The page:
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Workshop Transcript

Marketing to Schools

with Dianne de Las Casas

 

Verla: Here they all come, Dianne

Verla: right on time

Dianne: Verla, can you make sure I don't get booted?

Verla: I'll do my best, Dianne....

Gail: Verla does not have that power

Dianne: Thank you

Verla: But if you do....just come back. We will definitely wait for you!

Lyra_: all Verla can do is promise not to PERSONALLY kick you (g)

 

<<< NOTE: Lyra is Linda Joy Singleton>>>

 

Dianne: Lyra, tsk tsk

Verla: WHAT? I don't get to kick her?

Suzy-Q: Verla you behave

Verla: Rats. Lyra takes ALL the fun out of everything....

Dianne: I have a LOT to talk about!

Verla: mumble grumble grumble....

Suzy-Q: although I did bring the silly string.

Verla: Oh, Dianne...I can hardly WAIT!

Verla: Gail...that was a mistake!

Dianne: We sure have a full house!

Verla: Goody, everyone is arriving on time, tonight

Lyra_: good topic & speaker (g)

Verla: Yep

Dianne: Lyra, you're too sweet! :)

Lyra_: (g)

*** Verla has set the topic on channel #Kidlit to MARKETING TO SCHOOLS Workshop now in progress

 

Verla: Okay, folks...It is now time for the workshop to begin. Everyone, please take a chair and let's get started. I don't want to miss a MINUTE of Dianne's presentation!

Verla: Would you please introduce yourself, Dianne, to those who haven't met you...

Dianne: OK, let's get started.

Dianne: I am Dianne de Las Casas, a professional storyteller known as DIANNE and THE MAGIC SUITCASE.

Dianne: I live in the New Orleans, LA area

 

Dianne: First, I'd like to ask everyone to hold their questions

Dianne: until I ask for them.

Verla: Okay

 

Dianne: You may want to grab a pen and paper to jot down some notes because I have some information you may want to record.

Gail: Or you can read it on Verla's website.

Verla: Dianne, I will post this workshop on my website afterwards so they can get the info from there, too.

 

Dianne: Marketing to schools requires a plan. First you must establish your goals.

Dianne: You've published a book. Now you want to establish yourself as a touring author, speaker, or workshop conductor.

Dianne: Maybe you want to do all three. Great. You must map out a plan.

 

Dianne: Use the 5 Ws as an outline - Who, What, Where, When, Why.

Dianne: WHO? Who will be the target of your marketing campaign?

Dianne: 1. Who is your primary market? You must first establish your primary market.

Dianne: If you are writing for school age children, you may want to market to elementary schools to grades 5.

Dianne: 2. What schools should you visit? How far should you travel? Of course, only you can answer those questions.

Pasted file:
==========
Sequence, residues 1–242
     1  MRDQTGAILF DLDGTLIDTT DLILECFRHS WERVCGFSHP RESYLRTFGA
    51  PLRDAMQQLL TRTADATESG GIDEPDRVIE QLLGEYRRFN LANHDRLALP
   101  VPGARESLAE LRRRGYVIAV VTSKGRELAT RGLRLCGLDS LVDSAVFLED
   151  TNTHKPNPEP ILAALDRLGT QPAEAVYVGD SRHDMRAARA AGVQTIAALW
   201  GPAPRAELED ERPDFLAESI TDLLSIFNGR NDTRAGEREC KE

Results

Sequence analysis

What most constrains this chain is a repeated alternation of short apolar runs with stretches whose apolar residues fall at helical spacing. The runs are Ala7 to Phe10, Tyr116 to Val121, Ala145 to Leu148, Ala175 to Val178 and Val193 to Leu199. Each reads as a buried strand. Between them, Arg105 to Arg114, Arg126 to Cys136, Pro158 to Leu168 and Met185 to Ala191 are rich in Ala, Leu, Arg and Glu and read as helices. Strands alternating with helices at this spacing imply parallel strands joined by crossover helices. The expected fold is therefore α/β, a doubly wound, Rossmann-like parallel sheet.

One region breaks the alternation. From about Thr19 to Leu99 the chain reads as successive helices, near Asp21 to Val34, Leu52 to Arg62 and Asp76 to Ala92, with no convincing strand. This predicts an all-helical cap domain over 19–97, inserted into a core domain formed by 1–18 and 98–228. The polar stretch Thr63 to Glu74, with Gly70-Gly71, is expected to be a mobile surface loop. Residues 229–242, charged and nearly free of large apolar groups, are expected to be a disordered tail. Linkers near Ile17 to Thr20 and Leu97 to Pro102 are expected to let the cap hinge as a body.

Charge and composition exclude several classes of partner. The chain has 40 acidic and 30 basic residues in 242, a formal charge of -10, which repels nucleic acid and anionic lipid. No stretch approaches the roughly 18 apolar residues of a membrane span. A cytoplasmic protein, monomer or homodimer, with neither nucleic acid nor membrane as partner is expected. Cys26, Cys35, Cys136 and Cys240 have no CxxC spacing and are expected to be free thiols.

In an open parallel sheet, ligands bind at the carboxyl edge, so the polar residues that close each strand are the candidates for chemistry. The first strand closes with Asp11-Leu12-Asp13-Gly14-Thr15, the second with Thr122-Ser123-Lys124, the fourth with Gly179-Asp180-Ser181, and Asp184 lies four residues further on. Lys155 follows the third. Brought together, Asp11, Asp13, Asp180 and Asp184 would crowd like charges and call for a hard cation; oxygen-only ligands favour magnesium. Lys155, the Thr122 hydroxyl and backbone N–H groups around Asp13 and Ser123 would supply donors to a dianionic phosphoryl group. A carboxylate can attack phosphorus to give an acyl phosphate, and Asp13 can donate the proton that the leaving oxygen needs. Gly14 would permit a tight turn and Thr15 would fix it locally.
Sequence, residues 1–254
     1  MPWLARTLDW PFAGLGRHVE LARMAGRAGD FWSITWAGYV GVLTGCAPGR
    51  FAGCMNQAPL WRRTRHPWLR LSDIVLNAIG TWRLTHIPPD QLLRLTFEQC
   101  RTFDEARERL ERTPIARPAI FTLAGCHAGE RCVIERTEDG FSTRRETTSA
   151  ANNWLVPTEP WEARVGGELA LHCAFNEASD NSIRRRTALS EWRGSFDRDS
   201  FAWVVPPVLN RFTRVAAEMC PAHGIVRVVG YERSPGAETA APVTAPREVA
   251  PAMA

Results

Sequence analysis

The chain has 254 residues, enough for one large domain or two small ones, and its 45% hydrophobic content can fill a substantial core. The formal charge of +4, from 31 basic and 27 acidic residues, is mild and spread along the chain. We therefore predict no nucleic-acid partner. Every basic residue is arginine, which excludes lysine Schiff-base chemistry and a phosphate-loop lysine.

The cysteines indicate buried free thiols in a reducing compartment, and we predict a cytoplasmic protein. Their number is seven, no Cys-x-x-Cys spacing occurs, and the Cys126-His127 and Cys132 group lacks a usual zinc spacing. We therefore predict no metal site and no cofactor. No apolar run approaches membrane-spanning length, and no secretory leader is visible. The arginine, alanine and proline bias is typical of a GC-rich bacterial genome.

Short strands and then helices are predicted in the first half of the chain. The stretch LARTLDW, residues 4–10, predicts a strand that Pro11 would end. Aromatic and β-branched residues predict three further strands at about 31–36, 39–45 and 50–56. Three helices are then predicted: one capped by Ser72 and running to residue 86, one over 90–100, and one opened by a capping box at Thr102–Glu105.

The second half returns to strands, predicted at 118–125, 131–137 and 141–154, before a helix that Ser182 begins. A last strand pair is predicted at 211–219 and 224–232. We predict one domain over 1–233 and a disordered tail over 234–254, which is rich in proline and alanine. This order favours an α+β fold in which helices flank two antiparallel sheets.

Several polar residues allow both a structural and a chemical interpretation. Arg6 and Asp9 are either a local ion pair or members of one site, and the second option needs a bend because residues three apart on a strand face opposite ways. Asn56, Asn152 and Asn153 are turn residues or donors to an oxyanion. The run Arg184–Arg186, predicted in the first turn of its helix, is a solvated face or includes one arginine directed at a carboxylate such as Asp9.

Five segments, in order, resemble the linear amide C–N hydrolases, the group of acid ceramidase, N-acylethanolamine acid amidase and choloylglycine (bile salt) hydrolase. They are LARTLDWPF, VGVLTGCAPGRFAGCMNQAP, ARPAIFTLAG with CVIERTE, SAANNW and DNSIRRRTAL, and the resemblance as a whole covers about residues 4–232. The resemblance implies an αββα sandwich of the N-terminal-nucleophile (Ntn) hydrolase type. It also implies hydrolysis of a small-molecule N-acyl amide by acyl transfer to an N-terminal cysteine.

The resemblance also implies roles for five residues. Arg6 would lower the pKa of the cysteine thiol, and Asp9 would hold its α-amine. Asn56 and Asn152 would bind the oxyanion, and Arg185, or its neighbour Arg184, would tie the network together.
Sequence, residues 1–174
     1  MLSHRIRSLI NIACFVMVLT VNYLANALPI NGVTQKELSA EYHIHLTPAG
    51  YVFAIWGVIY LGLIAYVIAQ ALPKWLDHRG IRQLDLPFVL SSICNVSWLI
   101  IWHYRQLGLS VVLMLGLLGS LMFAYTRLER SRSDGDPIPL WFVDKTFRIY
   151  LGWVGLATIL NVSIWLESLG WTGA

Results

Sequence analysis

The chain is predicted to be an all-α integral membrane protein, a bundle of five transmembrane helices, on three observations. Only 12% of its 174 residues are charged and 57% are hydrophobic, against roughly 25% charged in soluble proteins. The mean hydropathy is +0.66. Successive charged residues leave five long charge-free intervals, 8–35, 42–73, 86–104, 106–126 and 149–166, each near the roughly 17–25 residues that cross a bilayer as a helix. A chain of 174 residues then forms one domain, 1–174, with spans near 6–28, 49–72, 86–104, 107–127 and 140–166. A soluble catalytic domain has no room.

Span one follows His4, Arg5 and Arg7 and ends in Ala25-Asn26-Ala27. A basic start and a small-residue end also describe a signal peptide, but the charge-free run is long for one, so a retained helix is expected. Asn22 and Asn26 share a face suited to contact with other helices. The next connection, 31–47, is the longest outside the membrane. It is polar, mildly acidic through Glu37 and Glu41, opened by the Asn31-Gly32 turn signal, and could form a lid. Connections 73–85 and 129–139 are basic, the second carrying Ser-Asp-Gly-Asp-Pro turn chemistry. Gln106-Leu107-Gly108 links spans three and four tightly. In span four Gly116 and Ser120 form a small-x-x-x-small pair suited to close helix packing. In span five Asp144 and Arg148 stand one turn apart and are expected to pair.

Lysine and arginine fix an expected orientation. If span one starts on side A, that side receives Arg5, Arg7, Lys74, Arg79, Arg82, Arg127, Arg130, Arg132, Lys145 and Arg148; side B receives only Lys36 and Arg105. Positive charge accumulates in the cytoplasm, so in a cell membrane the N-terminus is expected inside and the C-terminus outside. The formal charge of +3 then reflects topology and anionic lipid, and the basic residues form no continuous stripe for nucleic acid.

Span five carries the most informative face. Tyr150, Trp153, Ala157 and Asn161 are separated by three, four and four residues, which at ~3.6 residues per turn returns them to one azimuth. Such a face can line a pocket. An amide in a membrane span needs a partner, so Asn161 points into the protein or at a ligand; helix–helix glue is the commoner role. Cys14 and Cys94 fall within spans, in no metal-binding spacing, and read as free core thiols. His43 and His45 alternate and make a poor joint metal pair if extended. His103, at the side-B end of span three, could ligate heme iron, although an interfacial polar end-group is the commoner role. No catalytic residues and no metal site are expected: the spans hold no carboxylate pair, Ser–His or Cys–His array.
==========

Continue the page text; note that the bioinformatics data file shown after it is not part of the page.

Dianne: Once you decide where you are willing to travel, you can plan accordingly.

 

Dianne: WHAT? What are you marketing?

Dianne: 1. Determine what you are planning to market. Are you promoting a new book? Are you promoting yourself as a speaker?

Dianne: Are you promoting a creative writing workshop for teachers and/or students?

Dianne: 2. When schools spend money on programs, they want reassurance that what they pay for has educational value for the students.

Dianne: Tie in your topic to the current school theme or weave elements of the curriculum into your topic.

Dianne: Make it obviously educational as well as entertaining.

Dianne: 3. Tailor your marketing materials to be pleasing to the eye and easy to read.

Dianne: I recommend a brochure or nicely designed flyer.

 

Dianne: Remember the three Ps of marketing - Presentation, Professionalism, and Pizzazz.

Dianne: Presentation - Is the information clearly presented? Are the ideas clearly outlined?

Dianne: Professionalism - Do the materials look professional? If it is a photocopy, is it clear of smudges and lines?

Dianne: Pizzazz - Does your marketing material have pizzazz? Does your material possess that certain something that will differentiate you from all the others out there?

 

Dianne: Any questions so far?

Verla: What if you are promoting all of those things, Dianne? A new book, yourself as a speaker AND a creative writing workshop? Is that okay, too?

Dianne: Absolutely. The more versatile you are, the more the school can find a way to hire you.

Verla: Good.

 

Lyra_: are you promoting book(s) when you speak Dianne?

Dianne: Lyra, I don't promote my books but I promote literacy.

Dianne: I will be promoting my audiocassette when it is completed.

Verla: (Good for those of us who DO have books!)

Dianne: You don't need books to promote yourself in the schools.

Verla: What DO you need, Dianne? If not books?

Dianne: Sometimes, your life experiences alone may qualify you as a great speaker for certain topics.

Verla: For instance?

Dianne: Verla, if you were once a drug user, you might have a great program on saying NO.

Dianne: Of course, it doesn't have to be that drastic.

Verla: LOL. I can't do that one, I'm afraid!

 

<<<NOTE: LOL = Laughing Out Loud>>>

Dianne: Moving on to the next section.

Verla: yes Ma'am

Dianne: WHERE? Where do you find your contacts?

Dianne: 1. You need to create a mailing list. Every state in the US has a State Board of Education.

Lyra_: (Moving On is Verla's book!)

Dianne: You can contact the Board of Education and find out how to obtain a Directory of Schools.

Verla: Ah HA!

Verla: I didn't know about that, Dianne!

Dianne: Each state publishes a Directory of Schools complete with all the information you need to market to schools.